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Motorola Goes Greenish

Reducing waste and “going green” are major imperatives that many onsite foodservice departments are looking to implement. However, costs and customer resistance to forced changes sometimes hamper these efforts.

At Motorola Corp., a company-wide green initiative prompted the dining department to evaluate its own practices and come up with a practical approach that balances considerations like cost and customer satisfaction with environmental impact, says Carol Bracken-Tilley, manager of hospitality services.

The result in the early going: reductions of disposable cup usage ranging from 21 to 34 percent, and from 20 to 27 percent in clamshell disposables, depending on the unit.

Bracken-Tilley says the department initially decided to set a goal of reducing generated waste and getting rid of petroleum-based packaging across its North American units.

However, when it researched alternatives, it found that the cost of “green” disposables was prohibitive, with recyclable products as much as triple the cost of traditional alternatives.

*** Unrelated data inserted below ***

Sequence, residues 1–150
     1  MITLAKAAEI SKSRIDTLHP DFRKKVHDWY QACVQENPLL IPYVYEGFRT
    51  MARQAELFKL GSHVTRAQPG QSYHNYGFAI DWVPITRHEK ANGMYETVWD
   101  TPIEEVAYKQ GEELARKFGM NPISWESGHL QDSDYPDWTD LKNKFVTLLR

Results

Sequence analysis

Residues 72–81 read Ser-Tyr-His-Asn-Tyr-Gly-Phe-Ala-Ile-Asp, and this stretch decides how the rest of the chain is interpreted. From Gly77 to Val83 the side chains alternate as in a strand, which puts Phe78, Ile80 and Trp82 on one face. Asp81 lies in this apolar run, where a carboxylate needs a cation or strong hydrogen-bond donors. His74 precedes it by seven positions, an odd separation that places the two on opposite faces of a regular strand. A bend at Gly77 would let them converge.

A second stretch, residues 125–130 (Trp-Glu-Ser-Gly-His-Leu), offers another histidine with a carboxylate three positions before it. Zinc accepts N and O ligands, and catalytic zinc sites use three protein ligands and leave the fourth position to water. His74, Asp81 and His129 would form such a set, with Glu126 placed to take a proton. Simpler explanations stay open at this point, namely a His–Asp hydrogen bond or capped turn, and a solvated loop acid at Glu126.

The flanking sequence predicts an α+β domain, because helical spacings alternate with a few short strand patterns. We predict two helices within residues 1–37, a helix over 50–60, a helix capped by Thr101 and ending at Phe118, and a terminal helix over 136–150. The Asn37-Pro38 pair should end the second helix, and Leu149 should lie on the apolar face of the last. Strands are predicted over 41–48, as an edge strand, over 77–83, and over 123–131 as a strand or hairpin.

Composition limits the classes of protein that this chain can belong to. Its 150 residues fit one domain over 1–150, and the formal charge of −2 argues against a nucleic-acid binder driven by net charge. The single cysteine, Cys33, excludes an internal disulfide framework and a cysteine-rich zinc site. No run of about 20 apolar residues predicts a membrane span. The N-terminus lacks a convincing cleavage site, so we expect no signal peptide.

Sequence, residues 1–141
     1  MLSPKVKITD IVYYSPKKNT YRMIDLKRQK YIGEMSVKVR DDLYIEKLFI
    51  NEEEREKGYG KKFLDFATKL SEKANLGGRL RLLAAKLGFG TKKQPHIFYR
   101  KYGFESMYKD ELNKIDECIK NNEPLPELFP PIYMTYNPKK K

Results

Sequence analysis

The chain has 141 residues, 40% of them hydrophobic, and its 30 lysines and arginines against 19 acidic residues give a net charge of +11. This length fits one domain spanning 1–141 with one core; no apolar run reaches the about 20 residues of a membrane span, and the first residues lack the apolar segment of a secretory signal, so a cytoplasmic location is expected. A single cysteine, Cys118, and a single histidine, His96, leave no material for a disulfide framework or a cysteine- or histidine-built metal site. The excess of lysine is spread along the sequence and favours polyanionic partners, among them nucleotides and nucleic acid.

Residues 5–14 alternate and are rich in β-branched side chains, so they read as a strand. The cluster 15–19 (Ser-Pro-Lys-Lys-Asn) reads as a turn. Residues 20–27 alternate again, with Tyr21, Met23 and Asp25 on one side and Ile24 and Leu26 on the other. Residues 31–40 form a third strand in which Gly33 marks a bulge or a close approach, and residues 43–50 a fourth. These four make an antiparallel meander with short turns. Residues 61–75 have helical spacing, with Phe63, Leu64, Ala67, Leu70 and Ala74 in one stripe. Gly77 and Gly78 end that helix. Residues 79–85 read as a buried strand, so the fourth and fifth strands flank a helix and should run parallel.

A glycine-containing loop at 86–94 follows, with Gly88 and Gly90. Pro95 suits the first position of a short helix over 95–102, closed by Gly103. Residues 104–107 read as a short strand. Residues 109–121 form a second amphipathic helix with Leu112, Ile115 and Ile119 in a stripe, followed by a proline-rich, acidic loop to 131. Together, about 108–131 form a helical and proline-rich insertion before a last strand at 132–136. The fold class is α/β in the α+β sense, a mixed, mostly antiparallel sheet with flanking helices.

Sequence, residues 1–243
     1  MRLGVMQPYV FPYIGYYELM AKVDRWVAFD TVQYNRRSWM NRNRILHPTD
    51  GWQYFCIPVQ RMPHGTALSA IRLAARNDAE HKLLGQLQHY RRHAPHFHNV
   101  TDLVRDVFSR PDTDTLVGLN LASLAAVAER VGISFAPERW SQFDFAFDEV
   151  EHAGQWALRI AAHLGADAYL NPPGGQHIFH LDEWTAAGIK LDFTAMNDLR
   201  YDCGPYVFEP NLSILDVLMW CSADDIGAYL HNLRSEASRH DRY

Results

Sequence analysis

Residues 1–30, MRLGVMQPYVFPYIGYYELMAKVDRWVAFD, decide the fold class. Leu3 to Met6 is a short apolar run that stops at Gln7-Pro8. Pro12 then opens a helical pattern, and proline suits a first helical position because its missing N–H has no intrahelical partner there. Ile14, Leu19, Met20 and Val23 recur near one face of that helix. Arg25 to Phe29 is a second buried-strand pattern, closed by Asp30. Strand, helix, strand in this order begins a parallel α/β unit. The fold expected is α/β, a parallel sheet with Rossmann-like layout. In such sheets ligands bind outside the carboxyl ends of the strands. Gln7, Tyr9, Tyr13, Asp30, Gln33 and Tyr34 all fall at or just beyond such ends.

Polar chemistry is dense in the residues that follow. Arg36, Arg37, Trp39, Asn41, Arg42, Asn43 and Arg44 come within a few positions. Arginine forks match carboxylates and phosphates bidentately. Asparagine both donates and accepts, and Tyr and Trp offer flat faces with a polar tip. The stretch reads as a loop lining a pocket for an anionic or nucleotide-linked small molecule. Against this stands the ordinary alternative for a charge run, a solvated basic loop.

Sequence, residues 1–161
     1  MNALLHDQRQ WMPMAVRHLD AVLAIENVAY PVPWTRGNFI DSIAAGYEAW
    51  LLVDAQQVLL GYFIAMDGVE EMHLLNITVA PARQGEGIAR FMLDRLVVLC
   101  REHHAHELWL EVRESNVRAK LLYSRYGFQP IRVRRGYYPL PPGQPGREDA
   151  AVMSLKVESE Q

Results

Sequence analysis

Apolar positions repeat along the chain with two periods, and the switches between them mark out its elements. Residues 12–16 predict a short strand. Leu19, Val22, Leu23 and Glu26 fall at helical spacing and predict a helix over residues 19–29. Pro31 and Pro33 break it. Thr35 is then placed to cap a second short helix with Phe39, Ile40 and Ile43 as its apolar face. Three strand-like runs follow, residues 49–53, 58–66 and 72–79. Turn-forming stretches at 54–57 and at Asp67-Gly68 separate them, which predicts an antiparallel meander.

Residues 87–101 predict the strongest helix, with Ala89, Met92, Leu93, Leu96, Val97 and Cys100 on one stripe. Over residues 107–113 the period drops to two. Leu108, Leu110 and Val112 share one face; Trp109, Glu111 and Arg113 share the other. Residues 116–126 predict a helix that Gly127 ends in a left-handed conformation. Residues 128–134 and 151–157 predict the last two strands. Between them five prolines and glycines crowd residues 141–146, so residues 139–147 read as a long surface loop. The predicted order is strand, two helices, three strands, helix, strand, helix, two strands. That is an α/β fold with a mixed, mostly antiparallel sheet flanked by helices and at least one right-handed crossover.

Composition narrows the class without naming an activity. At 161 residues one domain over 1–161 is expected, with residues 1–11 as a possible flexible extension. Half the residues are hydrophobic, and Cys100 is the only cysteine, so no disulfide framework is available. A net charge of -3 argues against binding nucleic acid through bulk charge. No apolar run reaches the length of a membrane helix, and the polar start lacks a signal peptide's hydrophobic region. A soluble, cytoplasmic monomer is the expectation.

That's when a middle way approach was put together. “We didn't go completely green,” Bracken-Tilley notes. “We compromised.”

The thrust of the “compromise” program was on reducing the use of disposables by removing them from easy access at most stations and making permanentware the “default option.” Customers could still get disposable takeout containers but would have to ask for them or, where space allows, go to another part of the servery to get them.

“Our research — and we actually did dumpster dives to see what was being thrown out in the café — showed that lots of people used disposable foam containers even though they ate in the dining room,” Bracken-Tilley says. “We wanted to discourage that behavior without eliminating disposable containers for people who wanted to take out. So now, the idea is that you get it on a plate unless you say otherwise.”

The program was piloted at one large site, where customers were prepared with a four-week education campaign that included not just notices and signage but a graphic display of the amount of napkins used in a single year. The program kicked off in January, when customers began having to pay for disposable cups, encouraging the use of permanent tumblers.

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